The current epidemic in tobacco-related illness and death is mostly due to the increase in the number of women smokers in the past 5 decades. Since 1965, the death rate from smoking-related diseases in women has more than doubled in North America.
The death rate of women with the chronic lung diseases such as emphysema and chronic bronchitis has increased by 241% from 1980 to 1995. Some call this the unlucky inheritance of the female baby boomers who took up smoking in droves after World War II.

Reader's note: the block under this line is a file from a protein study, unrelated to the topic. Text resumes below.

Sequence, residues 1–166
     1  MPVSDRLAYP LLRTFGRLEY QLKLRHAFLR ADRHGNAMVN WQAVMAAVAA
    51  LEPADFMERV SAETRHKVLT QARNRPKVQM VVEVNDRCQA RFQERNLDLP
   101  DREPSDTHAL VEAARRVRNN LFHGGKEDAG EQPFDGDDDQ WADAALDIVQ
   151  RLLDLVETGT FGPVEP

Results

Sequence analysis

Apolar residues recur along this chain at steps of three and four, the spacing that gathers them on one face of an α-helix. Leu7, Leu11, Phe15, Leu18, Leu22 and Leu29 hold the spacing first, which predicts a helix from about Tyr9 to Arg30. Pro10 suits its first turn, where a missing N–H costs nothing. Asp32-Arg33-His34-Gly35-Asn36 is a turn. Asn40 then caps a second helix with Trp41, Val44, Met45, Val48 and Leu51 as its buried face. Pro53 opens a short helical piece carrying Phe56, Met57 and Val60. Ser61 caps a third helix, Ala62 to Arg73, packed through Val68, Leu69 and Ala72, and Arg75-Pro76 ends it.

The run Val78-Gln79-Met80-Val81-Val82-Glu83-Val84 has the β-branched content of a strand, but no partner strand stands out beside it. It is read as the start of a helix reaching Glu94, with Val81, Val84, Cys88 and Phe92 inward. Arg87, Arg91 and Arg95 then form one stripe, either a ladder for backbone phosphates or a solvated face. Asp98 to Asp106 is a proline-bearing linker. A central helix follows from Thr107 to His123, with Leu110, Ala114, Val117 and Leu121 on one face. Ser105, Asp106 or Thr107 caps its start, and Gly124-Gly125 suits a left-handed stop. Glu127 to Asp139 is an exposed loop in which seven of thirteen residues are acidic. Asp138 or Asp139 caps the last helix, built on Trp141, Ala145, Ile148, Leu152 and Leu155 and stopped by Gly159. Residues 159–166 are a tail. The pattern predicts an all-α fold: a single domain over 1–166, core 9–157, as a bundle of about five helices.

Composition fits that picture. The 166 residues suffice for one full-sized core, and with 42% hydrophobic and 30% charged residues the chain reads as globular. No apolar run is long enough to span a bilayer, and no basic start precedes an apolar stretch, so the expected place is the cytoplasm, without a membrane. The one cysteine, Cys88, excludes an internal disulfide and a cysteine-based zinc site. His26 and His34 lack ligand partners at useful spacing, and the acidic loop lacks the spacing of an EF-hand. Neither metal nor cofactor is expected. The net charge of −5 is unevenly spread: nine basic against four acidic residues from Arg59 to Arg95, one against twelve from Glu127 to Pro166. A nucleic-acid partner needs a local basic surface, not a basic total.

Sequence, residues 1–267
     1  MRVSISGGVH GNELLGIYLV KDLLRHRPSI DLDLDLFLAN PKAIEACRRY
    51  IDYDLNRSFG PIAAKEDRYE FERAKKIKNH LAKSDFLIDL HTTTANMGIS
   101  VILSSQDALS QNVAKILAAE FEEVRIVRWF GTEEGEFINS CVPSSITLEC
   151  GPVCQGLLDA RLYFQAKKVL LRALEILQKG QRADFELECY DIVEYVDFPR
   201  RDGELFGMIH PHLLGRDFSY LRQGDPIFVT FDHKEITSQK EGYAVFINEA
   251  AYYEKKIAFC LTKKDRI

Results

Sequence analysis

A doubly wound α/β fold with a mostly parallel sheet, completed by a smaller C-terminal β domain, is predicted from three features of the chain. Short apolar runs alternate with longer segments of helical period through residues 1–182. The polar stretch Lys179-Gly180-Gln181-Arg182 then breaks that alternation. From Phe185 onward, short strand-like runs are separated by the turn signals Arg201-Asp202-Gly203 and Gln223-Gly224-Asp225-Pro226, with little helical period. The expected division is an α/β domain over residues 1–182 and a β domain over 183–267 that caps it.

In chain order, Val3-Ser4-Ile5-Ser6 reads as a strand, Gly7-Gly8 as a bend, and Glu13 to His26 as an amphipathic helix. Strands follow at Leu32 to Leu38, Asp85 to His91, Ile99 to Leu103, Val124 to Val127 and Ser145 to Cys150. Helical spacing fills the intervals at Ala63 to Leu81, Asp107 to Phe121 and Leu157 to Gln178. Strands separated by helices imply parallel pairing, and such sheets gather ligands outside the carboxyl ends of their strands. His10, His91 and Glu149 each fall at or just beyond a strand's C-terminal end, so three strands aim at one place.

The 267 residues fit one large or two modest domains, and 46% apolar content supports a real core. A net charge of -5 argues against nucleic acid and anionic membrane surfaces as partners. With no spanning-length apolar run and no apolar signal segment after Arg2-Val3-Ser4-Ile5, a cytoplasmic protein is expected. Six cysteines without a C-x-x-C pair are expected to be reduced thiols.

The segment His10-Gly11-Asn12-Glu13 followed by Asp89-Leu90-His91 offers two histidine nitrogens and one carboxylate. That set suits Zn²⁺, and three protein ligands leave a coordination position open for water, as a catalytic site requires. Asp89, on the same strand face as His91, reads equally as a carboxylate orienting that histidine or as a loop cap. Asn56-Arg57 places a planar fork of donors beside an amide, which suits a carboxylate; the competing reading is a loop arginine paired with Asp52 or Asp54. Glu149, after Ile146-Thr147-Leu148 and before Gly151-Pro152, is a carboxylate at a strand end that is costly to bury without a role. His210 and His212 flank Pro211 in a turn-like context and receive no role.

In short, smoking is totally susceptible to the effects of serious consequences detrimental for women. Women smokers seem to be more tobacco smoke, have more difficulty quitting and suffer some unique to their gender.